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Volunteers pitch in to renovate homes under Baltimore homesteading program


All along the 1100 block of Mc Donogh Street over the weekend, the sound of hammers pounding nails mixed with the intermittent, high-pitched scream of electric saws slicing wood and the voices of work crews intent on renovating six dilapidated houses that had stood empty for years.

The workers were volunteers, giving an afternoon of life to help the People's Homesteading Group renovate the homes and raise money to continue its efforts.

Lori Shollenberger, who organized the event, said the "workathon"should raise about $30,000. The money goes into the group's revolving fund to buy materials and set up loan programs for other houses.

The McDonogh Street houses were donated by the city.

Elmer Wilson, who lives in Northeast Baltimore, already has staked his claim to a house being renovated in the 2800 block of West North Avenue. But Mr. Wilson spent part of the weekend on McDonogh Street, working in the program he learned about from a cousin.

"I knew she was getting [a house], and I decided to help her," he said. "Everything just fell in place, and I found I liked it, doing this physical work."

For Mr. Wilson and the rest of the homesteaders, the program, which has been operating since 1983, provides a chance not only to buy a house, but to participate in its renovation and to learn basic repair skills. And in the process, the homesteaders can chip in hundreds of hours worth of "sweat equity" toward the purchase.

Mortgages range between $10,000 and $15,000 with monthly payments of no more than $150, a price range that Mr. Wilson said fits his budget. Yet, he said, some of his friends don't quite understand the "sweat equity" aspect of getting a house.

"A lot of them think they're just supposed to come in and get a house, but it doesn't work like that. You have to put in your time," he said. "A lot of them want the house, but they don't want to come in and do the house."

At first glance, it's hard to imagine the McDonogh Street houses being spruced-up, livable homes. From the rear, some look to be in total disrepair. Brick walls have collapsed, and everywhere are the black scars of fire. The sky can be seen through one roof. But, by the spring, these two-story houses will have gone from being gutted skeletons to fully renovated homes.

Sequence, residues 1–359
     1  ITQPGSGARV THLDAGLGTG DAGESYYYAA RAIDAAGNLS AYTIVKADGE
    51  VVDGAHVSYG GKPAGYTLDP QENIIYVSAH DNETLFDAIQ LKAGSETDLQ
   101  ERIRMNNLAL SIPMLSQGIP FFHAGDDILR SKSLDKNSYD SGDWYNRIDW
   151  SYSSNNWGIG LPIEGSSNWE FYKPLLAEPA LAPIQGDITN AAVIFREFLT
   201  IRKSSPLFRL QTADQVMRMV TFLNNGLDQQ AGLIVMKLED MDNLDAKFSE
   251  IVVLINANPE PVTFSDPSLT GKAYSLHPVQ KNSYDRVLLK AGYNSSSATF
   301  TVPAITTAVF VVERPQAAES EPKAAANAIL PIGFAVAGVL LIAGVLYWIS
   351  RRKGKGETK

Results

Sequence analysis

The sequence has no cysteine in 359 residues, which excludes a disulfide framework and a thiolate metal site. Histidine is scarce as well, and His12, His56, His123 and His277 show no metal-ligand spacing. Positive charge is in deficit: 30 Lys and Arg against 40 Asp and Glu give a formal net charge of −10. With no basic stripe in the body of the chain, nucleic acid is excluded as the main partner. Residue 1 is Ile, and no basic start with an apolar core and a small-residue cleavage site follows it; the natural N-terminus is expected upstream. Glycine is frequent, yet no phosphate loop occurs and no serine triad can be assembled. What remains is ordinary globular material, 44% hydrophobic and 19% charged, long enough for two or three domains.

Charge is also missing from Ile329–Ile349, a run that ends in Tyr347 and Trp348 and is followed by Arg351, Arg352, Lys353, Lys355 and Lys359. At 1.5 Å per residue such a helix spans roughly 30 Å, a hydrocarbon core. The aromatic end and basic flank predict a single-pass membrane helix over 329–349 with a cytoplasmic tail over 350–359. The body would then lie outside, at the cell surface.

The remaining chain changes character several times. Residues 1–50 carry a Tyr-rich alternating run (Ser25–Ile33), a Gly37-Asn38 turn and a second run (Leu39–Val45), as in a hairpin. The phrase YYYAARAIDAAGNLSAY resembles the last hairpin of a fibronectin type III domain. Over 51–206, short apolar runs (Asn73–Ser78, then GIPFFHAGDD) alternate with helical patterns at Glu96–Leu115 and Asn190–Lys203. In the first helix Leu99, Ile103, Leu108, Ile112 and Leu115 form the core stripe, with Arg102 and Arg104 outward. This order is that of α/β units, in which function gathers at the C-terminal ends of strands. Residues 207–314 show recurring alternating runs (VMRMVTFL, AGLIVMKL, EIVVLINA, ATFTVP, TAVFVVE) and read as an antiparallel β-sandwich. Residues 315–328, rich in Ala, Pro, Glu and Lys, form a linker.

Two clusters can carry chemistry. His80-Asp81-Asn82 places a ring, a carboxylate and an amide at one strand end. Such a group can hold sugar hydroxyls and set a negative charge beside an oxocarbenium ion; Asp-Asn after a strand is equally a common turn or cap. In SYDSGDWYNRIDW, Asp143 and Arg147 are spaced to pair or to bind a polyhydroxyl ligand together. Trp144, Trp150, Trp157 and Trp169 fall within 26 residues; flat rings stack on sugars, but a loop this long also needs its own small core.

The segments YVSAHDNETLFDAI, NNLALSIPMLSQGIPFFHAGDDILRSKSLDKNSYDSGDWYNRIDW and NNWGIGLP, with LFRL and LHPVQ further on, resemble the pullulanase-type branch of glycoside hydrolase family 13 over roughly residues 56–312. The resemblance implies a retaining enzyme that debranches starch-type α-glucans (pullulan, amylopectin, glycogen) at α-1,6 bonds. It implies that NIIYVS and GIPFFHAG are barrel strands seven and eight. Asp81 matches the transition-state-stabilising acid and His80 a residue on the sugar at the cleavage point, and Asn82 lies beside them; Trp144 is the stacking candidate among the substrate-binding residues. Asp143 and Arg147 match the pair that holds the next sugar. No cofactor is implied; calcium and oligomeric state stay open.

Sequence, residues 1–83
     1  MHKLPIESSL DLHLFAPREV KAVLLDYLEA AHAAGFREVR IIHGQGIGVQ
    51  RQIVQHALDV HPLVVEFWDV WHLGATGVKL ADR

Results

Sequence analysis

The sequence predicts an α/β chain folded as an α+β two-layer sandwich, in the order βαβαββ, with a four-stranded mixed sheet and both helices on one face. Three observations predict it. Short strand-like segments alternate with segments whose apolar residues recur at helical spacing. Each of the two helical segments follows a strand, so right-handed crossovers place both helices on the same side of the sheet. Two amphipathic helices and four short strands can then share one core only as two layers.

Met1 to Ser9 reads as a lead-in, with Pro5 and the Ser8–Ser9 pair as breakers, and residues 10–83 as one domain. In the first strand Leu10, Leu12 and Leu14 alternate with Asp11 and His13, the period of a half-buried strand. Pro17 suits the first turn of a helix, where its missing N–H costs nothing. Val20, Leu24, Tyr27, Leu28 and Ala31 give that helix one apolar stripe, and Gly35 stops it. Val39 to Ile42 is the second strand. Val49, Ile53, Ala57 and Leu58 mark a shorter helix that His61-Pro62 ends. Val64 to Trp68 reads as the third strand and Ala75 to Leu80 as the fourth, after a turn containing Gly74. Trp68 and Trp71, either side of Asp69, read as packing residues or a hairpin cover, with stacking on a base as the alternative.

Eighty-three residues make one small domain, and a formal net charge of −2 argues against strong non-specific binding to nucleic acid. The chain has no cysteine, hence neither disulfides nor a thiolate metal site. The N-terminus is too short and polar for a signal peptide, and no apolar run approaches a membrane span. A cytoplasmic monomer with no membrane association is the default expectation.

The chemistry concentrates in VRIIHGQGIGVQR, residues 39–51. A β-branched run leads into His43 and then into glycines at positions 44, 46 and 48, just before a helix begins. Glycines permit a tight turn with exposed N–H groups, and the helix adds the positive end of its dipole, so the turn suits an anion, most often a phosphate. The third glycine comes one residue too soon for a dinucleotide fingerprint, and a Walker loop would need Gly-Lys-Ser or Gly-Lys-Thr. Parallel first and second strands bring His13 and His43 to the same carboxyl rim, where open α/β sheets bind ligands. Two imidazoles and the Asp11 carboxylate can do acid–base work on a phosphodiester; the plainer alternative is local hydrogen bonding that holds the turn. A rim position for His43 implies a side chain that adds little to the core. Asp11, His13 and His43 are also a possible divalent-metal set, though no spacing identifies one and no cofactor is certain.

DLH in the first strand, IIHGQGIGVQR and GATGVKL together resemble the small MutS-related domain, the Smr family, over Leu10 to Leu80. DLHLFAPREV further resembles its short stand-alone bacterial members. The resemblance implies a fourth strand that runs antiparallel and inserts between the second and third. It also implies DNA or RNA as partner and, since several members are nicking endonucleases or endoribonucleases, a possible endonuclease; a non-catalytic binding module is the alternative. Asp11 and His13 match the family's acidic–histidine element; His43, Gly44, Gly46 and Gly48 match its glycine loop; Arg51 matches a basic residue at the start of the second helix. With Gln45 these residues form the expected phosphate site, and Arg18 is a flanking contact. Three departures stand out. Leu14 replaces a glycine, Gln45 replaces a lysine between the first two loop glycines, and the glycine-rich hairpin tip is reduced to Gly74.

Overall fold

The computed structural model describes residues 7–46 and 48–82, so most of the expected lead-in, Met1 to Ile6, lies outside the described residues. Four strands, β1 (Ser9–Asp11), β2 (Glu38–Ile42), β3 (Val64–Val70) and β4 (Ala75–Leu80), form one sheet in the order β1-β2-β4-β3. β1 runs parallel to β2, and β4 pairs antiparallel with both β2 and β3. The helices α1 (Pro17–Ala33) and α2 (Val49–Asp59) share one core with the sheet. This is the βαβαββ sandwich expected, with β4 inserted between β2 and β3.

That will be welcome news to Aesop Goodson, who has lived on the block for nearly 40 years and who spent part of the weekend clearing weeds from the gutter and sidewalk near his home.

XTC "I always like to see progress," he said. "This used to be a beautiful block, but like everything else, time takes its toll. I'm glad to see the work being done."

Stella Hagen, who works for Black & Decker Corp. and now lives in Timonium, used to live not far away from the renovation site. Several people from her company and from Chase Bank participated in the renovation work. Ms. Hagen volunteered for the first time over the weekend.

"I specifically didn't want to do anything clerical. I wanted to get dirty," Ms. Hagen said. "I was hoping to do some carpentry, but we were assigned to trash detail. But that's OK."

Like many other volunteers on the project, Ms. Hagen seemed to enjoy simply being able to help someone in need.

That's why Ramona Smith got involved in the program three years ago. Her best friend, who eventually bought one of the program's renovated houses, asked her to volunteer. Ms. Smith agreed and eventually saw her friend move into a home in the 2800 block of West North Avenue. She said she also learned how to do a lot of repair work in her own house.

"Basically I can do all of it except the plumbing and the electrical," she said. "It's a wonderful experience to have a home. makes you feel good. This way, you can say, 'I put something into this.' "

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